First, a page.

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September Checklist: Four Tasks Every Real Estate Agent Should Complete

September 02 2015

SeptemberAgentChecklistIn honor of the National Association of REALTORS® Safety Month, we are dedicating the September checklist to emergency preparedness and safety guidelines. Follow along with each week's tasks, and by the end of the month you'll be prepared for any difficult situations that might arise.

Week of September 5: Get the right gear

Being safe on the job means being prepared for possible dangers, and for that you need the right gear. Some basic safety items to have on hand are a flashlight, a small first aid kit, and a power bank portable charger for your cell phone. In addition to the aforementioned supplies, you might want to consider a can of pepper spray to help defend yourself from potential attackers. Little ViperLittle Viper offers a less-conspicuous mace bracelet, for those of us who might accidentally forget the mace in the car.

In addition to mace, the tech industry has been developing a variety of new wearable deviceswearable devices dedicated to safety and prevention. Items like keychains and jewelry have been updated with GPS tracking, the ability to emit emergency signals, and they can even text your location to friends and family members.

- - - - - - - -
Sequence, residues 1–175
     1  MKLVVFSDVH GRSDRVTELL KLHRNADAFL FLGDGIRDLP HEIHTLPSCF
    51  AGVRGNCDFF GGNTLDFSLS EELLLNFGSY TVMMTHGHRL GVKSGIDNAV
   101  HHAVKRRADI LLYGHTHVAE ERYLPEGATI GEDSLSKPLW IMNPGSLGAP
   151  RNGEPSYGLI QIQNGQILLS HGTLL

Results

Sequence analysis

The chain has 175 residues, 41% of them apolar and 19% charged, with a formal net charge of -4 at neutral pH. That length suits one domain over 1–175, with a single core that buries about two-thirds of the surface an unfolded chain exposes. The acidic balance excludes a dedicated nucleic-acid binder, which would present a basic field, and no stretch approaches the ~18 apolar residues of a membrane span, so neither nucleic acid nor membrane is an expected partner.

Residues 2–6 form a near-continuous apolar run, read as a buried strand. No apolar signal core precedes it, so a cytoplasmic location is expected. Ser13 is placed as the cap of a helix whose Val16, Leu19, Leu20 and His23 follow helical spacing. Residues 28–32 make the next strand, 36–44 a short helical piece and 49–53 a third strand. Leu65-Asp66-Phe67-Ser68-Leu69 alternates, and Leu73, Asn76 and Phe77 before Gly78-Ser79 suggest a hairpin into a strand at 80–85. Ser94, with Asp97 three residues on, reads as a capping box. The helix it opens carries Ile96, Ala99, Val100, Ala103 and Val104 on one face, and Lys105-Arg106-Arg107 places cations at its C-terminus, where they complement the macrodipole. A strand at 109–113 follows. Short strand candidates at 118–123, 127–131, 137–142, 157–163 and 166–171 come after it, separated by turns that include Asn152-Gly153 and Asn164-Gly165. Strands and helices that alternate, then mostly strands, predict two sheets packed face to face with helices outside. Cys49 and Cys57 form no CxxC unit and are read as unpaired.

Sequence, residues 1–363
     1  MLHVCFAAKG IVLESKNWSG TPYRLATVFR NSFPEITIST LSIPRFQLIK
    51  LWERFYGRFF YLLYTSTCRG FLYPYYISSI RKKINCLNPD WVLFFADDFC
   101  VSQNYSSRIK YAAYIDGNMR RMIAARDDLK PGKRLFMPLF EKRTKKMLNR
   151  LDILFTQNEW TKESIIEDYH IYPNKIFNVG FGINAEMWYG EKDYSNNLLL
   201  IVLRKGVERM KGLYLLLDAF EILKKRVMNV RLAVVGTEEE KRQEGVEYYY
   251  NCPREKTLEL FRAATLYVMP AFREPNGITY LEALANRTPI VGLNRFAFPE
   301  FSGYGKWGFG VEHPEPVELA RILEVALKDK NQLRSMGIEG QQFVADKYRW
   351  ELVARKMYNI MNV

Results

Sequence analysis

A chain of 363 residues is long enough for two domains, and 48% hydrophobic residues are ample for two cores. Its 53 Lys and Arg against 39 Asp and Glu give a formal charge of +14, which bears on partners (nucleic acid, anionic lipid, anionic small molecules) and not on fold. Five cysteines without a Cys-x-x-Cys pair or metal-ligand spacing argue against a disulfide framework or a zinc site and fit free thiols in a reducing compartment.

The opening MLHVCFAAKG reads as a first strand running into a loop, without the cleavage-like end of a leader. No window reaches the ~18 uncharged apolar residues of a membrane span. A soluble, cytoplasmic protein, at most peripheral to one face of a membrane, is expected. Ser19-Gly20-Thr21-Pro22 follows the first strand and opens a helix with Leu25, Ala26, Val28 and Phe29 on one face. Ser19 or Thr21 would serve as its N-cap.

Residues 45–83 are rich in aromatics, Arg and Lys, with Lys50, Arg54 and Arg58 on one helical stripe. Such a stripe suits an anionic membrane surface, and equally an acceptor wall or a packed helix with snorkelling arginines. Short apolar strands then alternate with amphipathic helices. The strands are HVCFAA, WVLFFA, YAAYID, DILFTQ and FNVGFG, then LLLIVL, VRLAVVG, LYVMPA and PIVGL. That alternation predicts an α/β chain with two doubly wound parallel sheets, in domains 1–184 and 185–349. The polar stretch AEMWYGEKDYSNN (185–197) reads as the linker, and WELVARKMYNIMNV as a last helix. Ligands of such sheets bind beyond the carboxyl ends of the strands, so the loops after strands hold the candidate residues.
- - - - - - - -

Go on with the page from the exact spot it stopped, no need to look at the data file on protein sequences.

Week of September 12: Know the brokerage policy

Are you familiar with your office's safety policy? Even if you think you are, it never hurts to refresh yourself. Many real estate offices require new clients to come into the office to meet their agent for the first time, instead of meeting them alone at a property. If your brokerage does not enforce this rule, consider making it a personal requirement. It's also a great idea to check clients' IDs and take note of their license plate numbers.

And always let someone, be it a family member or a coworker, know when you're going to a showing, what property it is, and when you expect to be done.

Week of September 19: Develop a brevity code

A brevity code is a pre-set code word or phrase that you can say out loud on the phone or via text without arousing suspicion. The phrase will alert your coworkers or family members that you have safety concerns and to notify the authorities of your distress. Brevity codes are best when kept simple. Something as plain as "Did you pick up dog food today?" can make a great brevity code phrase – especially if you don't own a dog. Work with your family and coworkers to develop a code that all of you can remember and adhere to.

Week of September 26: Promote safety culture

Work safety can and should be a regular part of your brokerage's culture. It's easy to forget about your personal safety when you're juggling clients on a busy day, which is why it's good to have the whole brokerage involved in various safety protocols. If you sense that a coworker is preoccupied and forgot to notify someone what property she's showing, text her and check in.

Consider signing up for self defense classes with fellow agents, or partnering up to show homes in pairs. The more you bolster the spirit of safety in your office, the more people will be protected.

To view the original article, visit the HomeFinder.com blog.HomeFinder.com blog.